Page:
All that glitters isn’t recycling gold
Published by the Oakland Tribune Dec. 23, 2011.
By Angela Hill
It’s a mystery wrapped in cellophane, swaddled in Bubble Wrap, stuffed in a cardboard box and adorned with a festive metallic color-changing fiber-optic bow: What the holiday hoopla do you do with all the gift-wrap leftovers?
A lot of people have no clue, says Bruce Olszewski, director of the Center for Development of Recycling at San Jose State University.
“When I go to various relatives’ houses for gift-giving, I see some look at the wrapping in puzzlement, trying to figure out how to recycle it,” he says. “Some just grab and shove everything in garbage can. And then I panic when I see someone going to the fireplace with it all — a lot of wrapping papers have metals in them, and you don’t want to be inhaling that stuff.”
To be sure, most of us here in the eco-supportive Bay Area are confident about recycling tin cans and plastic bottles. But we rarely deal with sparkly ribbon curling around a package or plastic film embracing a plate of gingerbread men.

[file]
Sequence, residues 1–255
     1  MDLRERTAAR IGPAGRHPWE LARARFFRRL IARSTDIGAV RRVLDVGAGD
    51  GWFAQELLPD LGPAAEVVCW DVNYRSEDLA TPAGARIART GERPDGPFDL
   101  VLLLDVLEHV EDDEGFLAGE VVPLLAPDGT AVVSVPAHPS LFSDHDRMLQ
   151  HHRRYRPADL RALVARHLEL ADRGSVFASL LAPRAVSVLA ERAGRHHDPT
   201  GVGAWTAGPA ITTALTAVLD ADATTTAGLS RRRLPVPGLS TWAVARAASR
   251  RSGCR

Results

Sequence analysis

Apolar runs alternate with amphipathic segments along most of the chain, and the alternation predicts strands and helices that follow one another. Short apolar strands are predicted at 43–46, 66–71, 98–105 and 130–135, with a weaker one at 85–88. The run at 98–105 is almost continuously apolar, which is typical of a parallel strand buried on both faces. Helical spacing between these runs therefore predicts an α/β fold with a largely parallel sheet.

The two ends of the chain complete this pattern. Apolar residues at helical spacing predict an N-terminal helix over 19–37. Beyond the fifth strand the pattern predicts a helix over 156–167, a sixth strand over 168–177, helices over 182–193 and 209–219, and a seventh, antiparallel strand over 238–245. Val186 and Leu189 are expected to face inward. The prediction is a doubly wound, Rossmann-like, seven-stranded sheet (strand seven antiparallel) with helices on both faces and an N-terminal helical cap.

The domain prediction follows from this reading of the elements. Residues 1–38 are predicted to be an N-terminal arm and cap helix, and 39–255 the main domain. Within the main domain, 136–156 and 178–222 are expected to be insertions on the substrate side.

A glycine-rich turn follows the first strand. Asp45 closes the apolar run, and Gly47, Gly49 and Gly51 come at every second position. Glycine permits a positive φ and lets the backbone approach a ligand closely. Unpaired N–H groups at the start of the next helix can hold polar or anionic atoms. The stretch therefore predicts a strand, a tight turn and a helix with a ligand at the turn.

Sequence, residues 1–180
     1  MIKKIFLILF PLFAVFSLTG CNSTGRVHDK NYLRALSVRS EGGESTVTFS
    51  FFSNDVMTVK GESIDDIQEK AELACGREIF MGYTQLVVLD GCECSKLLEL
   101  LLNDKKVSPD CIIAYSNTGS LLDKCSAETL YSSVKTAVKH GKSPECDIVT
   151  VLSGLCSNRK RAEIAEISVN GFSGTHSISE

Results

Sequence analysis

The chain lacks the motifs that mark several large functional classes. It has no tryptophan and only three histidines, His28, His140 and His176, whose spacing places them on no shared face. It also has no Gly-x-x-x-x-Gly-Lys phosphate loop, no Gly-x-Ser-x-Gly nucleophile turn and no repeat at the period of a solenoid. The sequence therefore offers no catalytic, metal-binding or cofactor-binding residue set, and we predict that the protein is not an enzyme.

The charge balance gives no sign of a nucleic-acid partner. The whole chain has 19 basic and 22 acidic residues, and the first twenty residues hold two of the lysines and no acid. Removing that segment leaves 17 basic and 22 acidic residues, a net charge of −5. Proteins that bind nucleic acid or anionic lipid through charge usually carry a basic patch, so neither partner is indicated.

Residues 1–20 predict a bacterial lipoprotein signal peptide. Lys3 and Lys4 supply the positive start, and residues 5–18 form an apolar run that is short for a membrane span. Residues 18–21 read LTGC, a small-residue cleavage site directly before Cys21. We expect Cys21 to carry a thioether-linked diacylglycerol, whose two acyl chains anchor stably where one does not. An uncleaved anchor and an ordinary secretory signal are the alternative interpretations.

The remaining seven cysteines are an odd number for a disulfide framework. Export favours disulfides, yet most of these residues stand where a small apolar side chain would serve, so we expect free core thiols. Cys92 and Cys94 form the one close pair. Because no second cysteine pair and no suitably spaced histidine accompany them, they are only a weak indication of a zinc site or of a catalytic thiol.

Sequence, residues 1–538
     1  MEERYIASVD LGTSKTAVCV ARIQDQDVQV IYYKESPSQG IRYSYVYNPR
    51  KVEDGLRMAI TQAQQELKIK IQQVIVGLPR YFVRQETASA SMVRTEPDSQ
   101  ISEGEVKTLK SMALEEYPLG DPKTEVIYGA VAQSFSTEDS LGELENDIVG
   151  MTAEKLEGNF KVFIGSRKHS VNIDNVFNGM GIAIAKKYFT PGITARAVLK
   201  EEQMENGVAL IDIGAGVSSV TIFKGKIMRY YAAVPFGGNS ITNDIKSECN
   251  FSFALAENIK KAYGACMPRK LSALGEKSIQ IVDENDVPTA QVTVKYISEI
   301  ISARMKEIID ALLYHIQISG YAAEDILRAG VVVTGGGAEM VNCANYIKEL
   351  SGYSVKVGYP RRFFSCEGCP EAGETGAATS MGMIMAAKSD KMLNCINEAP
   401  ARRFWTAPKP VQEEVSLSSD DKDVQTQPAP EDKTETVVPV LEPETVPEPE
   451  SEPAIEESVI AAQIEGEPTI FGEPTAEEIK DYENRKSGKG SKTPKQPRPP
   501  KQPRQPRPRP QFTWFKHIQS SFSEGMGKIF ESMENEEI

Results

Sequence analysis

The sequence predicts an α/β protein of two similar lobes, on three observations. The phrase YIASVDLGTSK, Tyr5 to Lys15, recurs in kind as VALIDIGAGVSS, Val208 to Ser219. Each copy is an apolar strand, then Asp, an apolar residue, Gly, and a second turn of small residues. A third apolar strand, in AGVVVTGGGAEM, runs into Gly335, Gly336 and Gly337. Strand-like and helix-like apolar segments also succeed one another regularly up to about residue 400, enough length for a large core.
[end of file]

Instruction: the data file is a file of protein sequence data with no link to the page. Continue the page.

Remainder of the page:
Not only is proper disposal a mystery, but holiday waste is a big problem. Some estimates put the additional waste generated by the holidays at nearly 25 million tons, in this country alone.
“We should encourage everyone to reuse things,” Olszewski says. “This is what our parents and grandparents used to do. And they got along just fine.”
It doesn’t have to be a burden. Make it easy, especially during the holidays. Put out a bag for recycling when you’re opening gifts. And make it fun. Have your kids check out recycling websites and tell you what to do.
And above all, Olszewski says, don’t stress about it.
“If you occasionally put something in the wrong bin, you’re not going to go to environmental hell. You don’t have to be perfect. Just do the best you can, and enjoy your holiday.”
So in the spirit of giving to the planet — or at least not giving it grief — we present you with some tips on what to do when you find yourself surrounded by a mountain range of festive refuse. Be advised, each city and county have different recycling requirements, so double check with waste collectors in your area.